A recent Elway Poll shows that 54 percent of statewide voters believe that a $15/hour minimum wage would hurt, rather than help, the economy. Considering the recent backlash from communities already feeling the pressure of the $15/hour minimum wage, it is not surprising that only a 46 percent plurality of survey respondents in Seattle believed that the minimum wage increase would help the economy.
This response shows a considerable shift in perspective from earlier this year, before the city passed the ordinance demanding that employers gradually increase the minimum wage. In February of this year, a poll conducted by EMC Research found that 68% of voters were in favor of the $15/hour wage base. The decline in popularity comes less than a month after several small businesses in the Seattle area banded together to protest the unprecedented and financially destructive wage increase.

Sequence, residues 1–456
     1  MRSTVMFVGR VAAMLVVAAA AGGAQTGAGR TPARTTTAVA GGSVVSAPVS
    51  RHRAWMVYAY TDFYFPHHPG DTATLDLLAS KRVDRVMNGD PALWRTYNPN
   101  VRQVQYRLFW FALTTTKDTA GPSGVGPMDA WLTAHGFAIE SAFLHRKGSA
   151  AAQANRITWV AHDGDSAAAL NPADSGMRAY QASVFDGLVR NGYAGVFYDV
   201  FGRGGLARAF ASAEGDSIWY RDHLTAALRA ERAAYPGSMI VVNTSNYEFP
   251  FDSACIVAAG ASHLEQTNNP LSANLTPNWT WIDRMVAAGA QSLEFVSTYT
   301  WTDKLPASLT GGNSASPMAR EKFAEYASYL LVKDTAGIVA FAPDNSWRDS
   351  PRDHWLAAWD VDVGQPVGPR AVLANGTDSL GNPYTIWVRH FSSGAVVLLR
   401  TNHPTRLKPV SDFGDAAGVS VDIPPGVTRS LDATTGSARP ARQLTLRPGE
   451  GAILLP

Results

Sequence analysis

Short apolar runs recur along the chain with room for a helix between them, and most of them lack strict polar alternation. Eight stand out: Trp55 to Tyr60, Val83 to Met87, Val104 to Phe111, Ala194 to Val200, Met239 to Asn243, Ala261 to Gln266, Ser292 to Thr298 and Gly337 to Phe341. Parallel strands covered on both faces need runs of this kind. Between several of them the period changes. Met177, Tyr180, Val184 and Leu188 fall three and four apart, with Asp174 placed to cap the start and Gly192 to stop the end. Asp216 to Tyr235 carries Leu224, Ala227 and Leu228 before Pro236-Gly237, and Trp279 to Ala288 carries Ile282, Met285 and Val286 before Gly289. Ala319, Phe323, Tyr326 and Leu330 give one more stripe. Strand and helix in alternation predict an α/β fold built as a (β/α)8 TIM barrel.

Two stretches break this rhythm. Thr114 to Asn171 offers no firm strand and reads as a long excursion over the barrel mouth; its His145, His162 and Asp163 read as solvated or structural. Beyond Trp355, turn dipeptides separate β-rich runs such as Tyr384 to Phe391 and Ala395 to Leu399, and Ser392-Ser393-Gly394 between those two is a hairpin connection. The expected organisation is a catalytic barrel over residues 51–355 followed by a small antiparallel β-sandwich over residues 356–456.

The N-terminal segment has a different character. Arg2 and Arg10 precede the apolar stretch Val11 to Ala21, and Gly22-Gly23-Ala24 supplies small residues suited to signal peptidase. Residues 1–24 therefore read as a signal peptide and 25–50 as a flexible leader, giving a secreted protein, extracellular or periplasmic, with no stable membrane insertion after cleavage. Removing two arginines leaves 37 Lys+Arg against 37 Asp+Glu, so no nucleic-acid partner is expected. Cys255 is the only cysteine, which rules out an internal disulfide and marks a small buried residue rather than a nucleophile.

Additionally, only 52% of Seattle area voters believe that cities should be able to set their own minimum wage, defending what the city did in May to raise the minimum wage. Eastern Washington respondents also showed a desire to support local control over the minimum wage and, as the Publicola article reporting on the survey suggests, that could be because voters in Eastern Washington are wary of the rest of Washington dictating the success—or failure—of their local economies.
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